January 19, 1994
In the establishment of client trust accounts, a lawyer shall use reasonable care in selecting financial institutions which offer favorable interest rates and which minimize service fees or other charges against such client trust accounts.
References: MRPC 1.15; R-7.
MRPC 1.15 requires the establishment of client trust accounts under various circumstances with respect to funds of a client which come into the possession of the lawyer. The inquirer poses the following question: What duty, if any, does a lawyer have to "shop" among financial institutions for the rates most beneficial to clients when establishing trust accounts?
MRPC 1.15 governs the establishment of client trust accounts. The requirements of MRPC 1.15, as amended in 1990, were exhaustively reviewed in R-7.
In R-7 it was stated in part:
"Because a lawyer has a fiduciary duty to preserve and increase assets held in trust, the lawyer should patronize depository institutions which provide needed services at rates most advantageous to the client."
Consistent with this fiduciary duty, a lawyer should use reasonable care to select financial institutions which provide favorable interest rates on client trust accounts and which minimize service fees and other charges against such accounts.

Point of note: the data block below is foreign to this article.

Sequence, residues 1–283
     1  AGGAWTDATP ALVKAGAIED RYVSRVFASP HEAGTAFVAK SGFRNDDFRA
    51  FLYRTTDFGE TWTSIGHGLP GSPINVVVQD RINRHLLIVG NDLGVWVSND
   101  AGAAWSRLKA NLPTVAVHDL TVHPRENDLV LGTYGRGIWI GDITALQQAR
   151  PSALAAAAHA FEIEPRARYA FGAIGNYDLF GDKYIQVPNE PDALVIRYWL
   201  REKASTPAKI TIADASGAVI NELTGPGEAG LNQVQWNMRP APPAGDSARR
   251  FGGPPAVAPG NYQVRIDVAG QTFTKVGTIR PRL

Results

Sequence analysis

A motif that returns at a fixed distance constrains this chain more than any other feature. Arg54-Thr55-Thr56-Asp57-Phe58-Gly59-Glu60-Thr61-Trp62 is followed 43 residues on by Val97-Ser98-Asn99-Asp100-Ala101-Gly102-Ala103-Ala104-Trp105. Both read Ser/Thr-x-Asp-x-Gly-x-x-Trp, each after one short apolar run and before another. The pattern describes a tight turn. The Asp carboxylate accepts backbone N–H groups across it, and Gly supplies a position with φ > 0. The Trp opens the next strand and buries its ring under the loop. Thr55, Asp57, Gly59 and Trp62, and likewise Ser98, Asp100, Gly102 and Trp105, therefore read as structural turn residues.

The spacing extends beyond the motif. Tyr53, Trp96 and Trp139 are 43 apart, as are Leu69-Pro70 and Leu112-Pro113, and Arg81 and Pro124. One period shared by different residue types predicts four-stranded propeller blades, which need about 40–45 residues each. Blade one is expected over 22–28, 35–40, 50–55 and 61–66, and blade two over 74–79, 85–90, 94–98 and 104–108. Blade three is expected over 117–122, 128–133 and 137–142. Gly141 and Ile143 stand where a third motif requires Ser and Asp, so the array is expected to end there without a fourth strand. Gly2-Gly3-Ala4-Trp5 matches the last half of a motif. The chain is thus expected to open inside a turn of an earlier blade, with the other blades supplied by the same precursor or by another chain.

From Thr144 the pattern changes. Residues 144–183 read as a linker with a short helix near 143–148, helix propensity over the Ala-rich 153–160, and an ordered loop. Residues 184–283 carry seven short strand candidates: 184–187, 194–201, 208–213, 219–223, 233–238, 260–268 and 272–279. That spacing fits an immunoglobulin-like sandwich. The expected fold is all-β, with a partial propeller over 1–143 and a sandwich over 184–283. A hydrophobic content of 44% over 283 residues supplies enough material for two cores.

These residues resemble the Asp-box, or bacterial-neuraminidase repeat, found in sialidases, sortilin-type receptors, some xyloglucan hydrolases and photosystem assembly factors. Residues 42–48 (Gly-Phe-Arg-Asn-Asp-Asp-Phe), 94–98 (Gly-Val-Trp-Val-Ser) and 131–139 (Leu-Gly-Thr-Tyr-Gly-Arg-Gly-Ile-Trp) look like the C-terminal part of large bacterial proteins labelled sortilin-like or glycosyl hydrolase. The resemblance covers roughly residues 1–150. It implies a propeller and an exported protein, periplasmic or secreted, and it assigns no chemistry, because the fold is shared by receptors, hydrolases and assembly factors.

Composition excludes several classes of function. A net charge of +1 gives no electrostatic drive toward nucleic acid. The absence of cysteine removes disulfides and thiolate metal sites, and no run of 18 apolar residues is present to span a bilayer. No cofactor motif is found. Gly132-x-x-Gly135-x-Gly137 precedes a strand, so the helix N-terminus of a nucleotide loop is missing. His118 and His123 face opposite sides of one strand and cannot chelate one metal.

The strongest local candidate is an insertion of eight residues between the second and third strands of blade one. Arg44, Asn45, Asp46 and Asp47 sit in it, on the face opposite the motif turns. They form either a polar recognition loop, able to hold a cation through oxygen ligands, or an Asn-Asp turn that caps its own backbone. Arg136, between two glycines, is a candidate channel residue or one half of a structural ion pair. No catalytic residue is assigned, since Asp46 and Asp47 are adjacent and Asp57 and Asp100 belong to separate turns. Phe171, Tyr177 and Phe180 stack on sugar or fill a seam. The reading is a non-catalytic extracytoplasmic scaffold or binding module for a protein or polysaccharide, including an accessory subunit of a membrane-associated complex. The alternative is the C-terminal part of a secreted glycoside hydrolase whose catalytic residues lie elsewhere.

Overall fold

The standard of care required, however, is the same as any fiduciary under like circumstances. This duty is to use reasonable care to protect and preserve the assets of the client.
Consistent with this fiduciary duty, the lawyer is not obligated to "shop" financial institutions to secure to "most beneficial" rate available. Rather, the lawyer should use reasonable care to select financial institutions which provide favorable interest rates on client trust accounts.
It should be noted that numerous financial institutions within the state of Michigan have agreed not to charge any service fees on IOLTA Trust Accounts. The list of participating financial institutions is published periodically by the Michigan State Bar Foundation in the Michigan Bar Journal (see, e.g., November 1993, p 1233). Consistent with the lawyer's duty to exercise reasonable care, the lawyer should consider utilizing financial institutions which waive or minimize such service fees or charges to IOLTA and other trust accounts.
A lawyer in possession of funds belonging to a client occupies the role of fiduciary with respect to such funds. Consistent with that fiduciary duty, the lawyer must exercise reasonable care to deposit such funds in financial institutions which provide favorable interest rates and which minimize service fees and other charges to such accounts. The lawyer is not, however, required to continually search for financial institutions which provide the overall highest rate of return. Rather, only reasonable care under the circumstances is required.